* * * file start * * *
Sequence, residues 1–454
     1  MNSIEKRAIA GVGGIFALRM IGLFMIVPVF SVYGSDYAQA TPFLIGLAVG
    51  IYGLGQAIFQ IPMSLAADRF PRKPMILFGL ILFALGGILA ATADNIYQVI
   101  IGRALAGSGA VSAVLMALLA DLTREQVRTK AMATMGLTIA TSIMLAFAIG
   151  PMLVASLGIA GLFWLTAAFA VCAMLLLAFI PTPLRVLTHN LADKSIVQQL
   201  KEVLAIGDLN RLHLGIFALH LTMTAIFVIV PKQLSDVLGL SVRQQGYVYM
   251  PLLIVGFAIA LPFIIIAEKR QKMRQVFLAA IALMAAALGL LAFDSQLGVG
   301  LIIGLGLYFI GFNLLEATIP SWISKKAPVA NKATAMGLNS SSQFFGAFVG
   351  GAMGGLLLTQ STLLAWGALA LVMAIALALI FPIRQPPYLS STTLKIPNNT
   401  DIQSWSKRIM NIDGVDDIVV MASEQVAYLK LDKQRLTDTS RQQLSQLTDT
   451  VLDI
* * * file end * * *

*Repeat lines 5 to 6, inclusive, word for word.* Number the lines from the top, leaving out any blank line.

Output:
   151  PMLVASLGIA GLFWLTAAFA VCAMLLLAFI PTPLRVLTHN LADKSIVQQL
   201  KEVLAIGDLN RLHLGIFALH LTMTAIFVIV PKQLSDVLGL SVRQQGYVYM